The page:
25 of Michigan's 38 state Senators are sponsoring the National Popular Vote bill, including 15 Republicans and 10 Democrats.    
The  National Popular Vote  bill would guarantee the Presidency to the candidate who receives the most popular votes in all 50 states and the District of Columbia.

3 things to do:
Vermont state Senator Christopher Pearson testifies at Michigan House hearing on National Popular Vote.

Five out of our 45 Presidents have come into office without receiving the most popular votes nationwide.  State winner-take-all laws are the reason why a candidate can win the Presidency without winning the national popular vote.  Under these state laws, all of a state's electoral votes are awarded  to the candidate receiving the most popular votes in each separate state. 

A national popular vote for President is an achievable goal that can be in place in time for the 2020 election. The bill has already been enacted into law in 12 states possessing 172 electoral votes (CA, CT, DC, HI, IL, MA, MD, NJ, NY, RI, VT, WA).  It will take effect when enacted by additional states having 98 electoral votes. The bill has previously passed one chamber in 11 states with 89 electoral votes (AR, AZ, CO, DE, ME, MI, NC, NM, NV, OK, OR). A total of 3,155 state legislators have endorsed it.  

It does not take an amendment to the U.S. Constitution to change state  winner-take-all laws.  State winner-take-all laws were enacted by state legislatures using their authority under Article II of the U.S. Constitution (and may be changed in the same way): 
"Each State shall appoint, in such Manner as the Legislature thereof may direct, a Number of Electors...."

The winner-take-all method of awarding electoral votes was used by only three states in the nation's first presidential election in 1789 (and repealed by all three by 1800). It was never debated at the Constitutional Convention, and never mentioned in the Federalist Papers. It did not become predominant until 1880 -- almost a century after the U.S. Constitution was written.

Under the National Popular Vote bill, the national popular vote winner will receive all the electoral votes from the enacting states. The bill will take effect when enacted by states possessing a majority of the electoral votes -- enough to elect a President (270 of 538).   Then, when the Electoral College meets in mid-December, the national popular vote winner will become President because the enacting states will represent at least 270 electoral votes. Thus, the Electoral College will represent the will of the voters in all 50 states (and DC).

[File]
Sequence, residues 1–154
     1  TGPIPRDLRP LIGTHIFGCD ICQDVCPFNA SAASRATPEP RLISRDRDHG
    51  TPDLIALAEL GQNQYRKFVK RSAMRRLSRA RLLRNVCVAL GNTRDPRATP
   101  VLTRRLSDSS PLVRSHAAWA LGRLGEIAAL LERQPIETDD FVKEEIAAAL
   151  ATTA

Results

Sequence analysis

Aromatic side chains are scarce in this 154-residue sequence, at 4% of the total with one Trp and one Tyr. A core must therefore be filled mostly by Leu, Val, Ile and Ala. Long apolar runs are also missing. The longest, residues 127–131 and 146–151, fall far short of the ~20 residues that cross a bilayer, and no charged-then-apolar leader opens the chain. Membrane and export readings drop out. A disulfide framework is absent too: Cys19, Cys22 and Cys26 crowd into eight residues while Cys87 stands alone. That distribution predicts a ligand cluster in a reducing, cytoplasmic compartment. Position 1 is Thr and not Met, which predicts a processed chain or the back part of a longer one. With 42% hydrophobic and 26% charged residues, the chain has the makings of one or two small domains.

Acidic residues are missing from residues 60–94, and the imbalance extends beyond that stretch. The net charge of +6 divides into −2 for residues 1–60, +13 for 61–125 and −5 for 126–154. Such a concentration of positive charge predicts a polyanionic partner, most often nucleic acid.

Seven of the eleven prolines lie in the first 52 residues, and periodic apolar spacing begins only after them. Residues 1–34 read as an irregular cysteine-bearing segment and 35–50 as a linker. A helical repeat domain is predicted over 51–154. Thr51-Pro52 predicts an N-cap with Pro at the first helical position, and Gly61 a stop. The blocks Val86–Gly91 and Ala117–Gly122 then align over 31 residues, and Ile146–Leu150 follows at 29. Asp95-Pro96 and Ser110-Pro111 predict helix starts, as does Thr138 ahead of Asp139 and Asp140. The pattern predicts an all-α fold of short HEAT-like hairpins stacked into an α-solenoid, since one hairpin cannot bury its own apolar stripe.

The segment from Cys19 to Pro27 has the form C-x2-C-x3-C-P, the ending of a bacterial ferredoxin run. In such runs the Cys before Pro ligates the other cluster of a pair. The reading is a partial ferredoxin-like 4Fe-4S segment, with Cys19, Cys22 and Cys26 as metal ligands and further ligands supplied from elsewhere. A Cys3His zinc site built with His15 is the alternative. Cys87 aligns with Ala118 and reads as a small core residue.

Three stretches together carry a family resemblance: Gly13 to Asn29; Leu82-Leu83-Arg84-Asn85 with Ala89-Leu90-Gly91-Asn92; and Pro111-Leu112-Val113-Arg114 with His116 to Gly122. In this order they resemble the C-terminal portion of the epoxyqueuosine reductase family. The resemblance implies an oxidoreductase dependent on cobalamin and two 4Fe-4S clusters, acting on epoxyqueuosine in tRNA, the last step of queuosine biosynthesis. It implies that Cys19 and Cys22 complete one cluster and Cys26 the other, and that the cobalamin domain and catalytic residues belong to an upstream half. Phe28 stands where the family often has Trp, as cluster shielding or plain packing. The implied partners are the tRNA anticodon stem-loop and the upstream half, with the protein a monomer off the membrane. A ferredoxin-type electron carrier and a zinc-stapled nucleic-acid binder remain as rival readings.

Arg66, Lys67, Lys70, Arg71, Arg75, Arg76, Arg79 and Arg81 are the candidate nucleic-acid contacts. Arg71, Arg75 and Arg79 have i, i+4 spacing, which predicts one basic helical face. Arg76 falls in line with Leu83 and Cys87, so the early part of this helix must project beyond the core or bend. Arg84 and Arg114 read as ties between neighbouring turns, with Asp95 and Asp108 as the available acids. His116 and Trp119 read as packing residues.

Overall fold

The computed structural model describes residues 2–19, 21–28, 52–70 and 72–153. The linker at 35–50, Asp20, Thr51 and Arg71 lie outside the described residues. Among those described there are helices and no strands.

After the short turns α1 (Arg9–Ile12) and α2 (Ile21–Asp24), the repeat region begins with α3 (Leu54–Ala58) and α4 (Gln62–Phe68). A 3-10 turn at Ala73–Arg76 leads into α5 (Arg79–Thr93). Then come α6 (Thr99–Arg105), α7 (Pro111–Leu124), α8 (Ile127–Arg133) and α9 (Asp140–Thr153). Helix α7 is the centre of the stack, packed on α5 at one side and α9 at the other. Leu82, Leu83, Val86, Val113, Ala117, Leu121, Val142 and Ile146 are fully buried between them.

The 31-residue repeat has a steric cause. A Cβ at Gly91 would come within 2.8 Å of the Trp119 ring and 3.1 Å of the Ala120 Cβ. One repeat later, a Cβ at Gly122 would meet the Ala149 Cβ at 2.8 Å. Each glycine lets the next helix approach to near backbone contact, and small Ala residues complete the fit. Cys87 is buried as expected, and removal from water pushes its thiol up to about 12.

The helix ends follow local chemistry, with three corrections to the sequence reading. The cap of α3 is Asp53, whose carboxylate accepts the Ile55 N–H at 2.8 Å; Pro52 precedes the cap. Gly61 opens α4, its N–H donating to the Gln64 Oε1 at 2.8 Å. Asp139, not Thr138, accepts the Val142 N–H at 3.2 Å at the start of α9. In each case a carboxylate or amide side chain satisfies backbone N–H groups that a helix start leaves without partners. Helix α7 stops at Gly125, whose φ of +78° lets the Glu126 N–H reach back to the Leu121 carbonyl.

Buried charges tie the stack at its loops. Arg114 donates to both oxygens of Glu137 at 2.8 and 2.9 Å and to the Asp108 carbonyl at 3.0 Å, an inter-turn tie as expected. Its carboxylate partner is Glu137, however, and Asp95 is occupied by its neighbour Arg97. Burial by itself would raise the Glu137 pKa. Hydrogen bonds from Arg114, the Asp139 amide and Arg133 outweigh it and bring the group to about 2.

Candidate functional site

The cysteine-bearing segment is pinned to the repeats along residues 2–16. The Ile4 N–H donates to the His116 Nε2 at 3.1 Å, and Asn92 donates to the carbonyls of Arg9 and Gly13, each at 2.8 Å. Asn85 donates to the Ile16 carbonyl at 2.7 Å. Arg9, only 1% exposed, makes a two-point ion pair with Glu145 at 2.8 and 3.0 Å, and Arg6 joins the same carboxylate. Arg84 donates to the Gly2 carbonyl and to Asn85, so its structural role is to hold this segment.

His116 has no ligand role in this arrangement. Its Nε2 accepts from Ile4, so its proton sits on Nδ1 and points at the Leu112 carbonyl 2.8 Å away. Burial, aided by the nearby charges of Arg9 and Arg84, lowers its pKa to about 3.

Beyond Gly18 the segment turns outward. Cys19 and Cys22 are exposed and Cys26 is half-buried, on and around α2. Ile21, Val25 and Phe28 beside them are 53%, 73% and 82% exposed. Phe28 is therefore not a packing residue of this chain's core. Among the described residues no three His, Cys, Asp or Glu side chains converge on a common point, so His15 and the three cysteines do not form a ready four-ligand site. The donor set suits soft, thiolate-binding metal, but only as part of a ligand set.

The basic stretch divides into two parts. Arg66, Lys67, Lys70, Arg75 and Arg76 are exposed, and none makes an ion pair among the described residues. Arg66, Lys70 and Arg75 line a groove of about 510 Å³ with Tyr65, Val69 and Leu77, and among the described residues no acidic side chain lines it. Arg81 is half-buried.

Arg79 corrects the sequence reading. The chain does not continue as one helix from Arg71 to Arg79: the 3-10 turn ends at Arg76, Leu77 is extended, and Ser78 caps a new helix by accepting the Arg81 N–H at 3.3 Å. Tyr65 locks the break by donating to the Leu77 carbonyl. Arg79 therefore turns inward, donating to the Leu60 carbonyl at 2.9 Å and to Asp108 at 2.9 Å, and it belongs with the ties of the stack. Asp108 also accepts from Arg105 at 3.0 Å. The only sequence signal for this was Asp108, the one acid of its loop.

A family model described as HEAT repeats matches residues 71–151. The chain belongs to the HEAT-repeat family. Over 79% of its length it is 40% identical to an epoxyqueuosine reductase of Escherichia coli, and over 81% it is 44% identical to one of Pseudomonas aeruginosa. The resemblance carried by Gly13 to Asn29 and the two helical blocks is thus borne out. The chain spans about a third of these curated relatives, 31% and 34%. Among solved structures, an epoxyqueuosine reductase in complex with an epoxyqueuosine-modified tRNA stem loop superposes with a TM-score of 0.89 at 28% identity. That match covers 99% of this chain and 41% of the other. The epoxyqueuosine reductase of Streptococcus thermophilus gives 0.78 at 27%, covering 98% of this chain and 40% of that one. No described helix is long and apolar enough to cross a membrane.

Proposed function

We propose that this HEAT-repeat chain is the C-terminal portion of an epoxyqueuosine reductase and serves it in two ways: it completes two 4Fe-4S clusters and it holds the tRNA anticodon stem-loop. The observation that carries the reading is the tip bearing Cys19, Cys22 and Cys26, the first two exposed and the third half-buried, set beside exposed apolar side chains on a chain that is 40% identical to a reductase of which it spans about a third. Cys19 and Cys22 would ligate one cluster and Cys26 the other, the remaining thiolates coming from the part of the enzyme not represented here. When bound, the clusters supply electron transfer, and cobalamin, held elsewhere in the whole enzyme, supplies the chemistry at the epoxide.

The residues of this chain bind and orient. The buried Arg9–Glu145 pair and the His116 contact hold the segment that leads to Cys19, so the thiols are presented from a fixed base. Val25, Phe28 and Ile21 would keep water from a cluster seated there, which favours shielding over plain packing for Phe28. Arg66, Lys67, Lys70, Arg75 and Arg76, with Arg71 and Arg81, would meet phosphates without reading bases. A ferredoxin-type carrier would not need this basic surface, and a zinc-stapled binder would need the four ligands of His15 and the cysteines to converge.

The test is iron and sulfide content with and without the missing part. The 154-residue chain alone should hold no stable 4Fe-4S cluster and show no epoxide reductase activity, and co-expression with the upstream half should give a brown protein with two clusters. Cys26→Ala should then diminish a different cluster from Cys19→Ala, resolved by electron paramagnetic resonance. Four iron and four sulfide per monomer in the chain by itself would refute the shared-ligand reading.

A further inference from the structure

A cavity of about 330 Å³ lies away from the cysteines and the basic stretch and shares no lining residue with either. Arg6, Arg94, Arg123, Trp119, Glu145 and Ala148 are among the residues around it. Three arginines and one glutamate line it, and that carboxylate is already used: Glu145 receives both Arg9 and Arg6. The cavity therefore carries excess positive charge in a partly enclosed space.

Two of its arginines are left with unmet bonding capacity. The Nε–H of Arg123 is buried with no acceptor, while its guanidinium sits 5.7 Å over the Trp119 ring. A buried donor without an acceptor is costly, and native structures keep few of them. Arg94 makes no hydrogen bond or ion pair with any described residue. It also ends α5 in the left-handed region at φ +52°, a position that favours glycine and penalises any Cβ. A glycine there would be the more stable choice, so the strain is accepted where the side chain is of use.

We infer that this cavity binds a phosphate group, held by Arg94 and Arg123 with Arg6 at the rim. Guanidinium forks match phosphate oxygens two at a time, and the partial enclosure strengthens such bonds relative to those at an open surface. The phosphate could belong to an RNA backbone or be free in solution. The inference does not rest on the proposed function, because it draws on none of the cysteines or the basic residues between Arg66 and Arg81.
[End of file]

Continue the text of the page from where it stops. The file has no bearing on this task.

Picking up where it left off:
Here are some other things you might do to help  make sure that the President elected in 2020 is the candidate who receives the most popular votes in all 50 states and DC. 
  • Please share the National Popular Vote home page (www.NationalPopularVote.com) with your friends on Facebook or other social networks.  Please ask your friends to tell their state legislators to support the National Popular Vote bill in their state using our convenient email system.  
  • Visit your state legislators at their local office or state capitol office to emphasize your support. Or, phone them. You can look up their office address, phone, and web address by entering your zip code and address at www.NationalPopularVote.com/write and then clicking on "contact info for my legislators and officials." 
  • Learn more about National Popular Vote from short videos. 
  • Learn more about National Popular Vote from chapter 9 of our book  Every Vote Equal: A State-Based Plan for Electing the President by National Popular Vote .  The entire book is free to read or download
  • Contribute to National Popular Vote  The National Popular Vote organization employs lobbyists in numerous states as well as its own traveling representatives to help pass the bill. 
Thank you. 

Dr. John R. Koza, Chair
National Popular Vote